What's the used Audi A3 hatchback like?
'Desirability' isn’t a word that looms large when you’re considering the purchase of a family hatchback; often, the only qualities you can fairly expect are practicality and reliability. The first two Audi A3s had their fair share of both of the latter qualities, but it was this third-generation model of 2013 that added the driving pleasure and comfort levels that turned this into a highly desirable premium car.
It was a lighter and stronger and more efficient car than its predecessors, and a much better one in nearly every area. Shortly after its launch, it scooped What Car?'s overall Car of the Year Award, and in its last full year on sale it won our overall Used Car of the Year gong in 2020. Its success wasn’t surprising: it may have been based on the same underpinnings as other more everyday Volkswagen Group cars, such as the Volkswagen Golf and Skoda Octavia, but it carried with it an air of quality and an upmarket appeal that those cars couldn't match.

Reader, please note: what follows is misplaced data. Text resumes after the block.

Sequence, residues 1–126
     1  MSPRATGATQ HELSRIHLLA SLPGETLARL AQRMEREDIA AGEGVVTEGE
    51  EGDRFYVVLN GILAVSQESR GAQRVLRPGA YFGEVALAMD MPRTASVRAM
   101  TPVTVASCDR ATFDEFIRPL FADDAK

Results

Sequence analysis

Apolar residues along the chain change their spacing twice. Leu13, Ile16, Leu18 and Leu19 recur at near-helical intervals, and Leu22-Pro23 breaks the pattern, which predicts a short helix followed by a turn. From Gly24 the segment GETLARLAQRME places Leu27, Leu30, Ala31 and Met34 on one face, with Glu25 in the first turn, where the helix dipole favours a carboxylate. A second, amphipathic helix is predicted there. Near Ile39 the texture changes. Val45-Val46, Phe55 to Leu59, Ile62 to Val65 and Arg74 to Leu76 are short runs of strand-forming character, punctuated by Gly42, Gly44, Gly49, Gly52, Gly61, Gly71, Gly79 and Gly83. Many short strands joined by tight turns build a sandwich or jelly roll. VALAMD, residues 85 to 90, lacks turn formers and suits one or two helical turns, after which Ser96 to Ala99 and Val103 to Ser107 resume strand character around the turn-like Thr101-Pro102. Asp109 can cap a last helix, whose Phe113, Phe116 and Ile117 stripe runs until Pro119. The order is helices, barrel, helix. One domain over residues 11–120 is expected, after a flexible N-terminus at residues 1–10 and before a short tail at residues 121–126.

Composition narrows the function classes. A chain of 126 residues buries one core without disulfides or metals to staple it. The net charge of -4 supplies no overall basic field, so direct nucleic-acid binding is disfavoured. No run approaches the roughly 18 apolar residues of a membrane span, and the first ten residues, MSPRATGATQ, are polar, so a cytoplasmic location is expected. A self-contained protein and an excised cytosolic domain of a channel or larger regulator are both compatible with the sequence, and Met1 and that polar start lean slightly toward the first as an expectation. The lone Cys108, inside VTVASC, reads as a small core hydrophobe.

It offered a wide range of impressive engines, too. The petrols included an entry-level 103bhp 1.2-litre, a 123bhp 1.4-litre unit, a 178bhp 1.8 and a 148bhp 1.4-litre that could automatically shut off two of its four cylinders at a cruise to save fuel. Diesels included a 103bhp 1.6 TDI, and 148bhp and 181bhp versions of a 2.0 TDI. There was even a plug-in hybrid, the A3 Sportback e-tron, which mixed a smooth 1.4-litre petrol engine with electric power. On top of these, there you could choose the sporty 296bhp 2.0-litre S3 model or the fire-breathing, range-topping, super-sporting 394bhp 2.5-litre turbo version known as the RS3.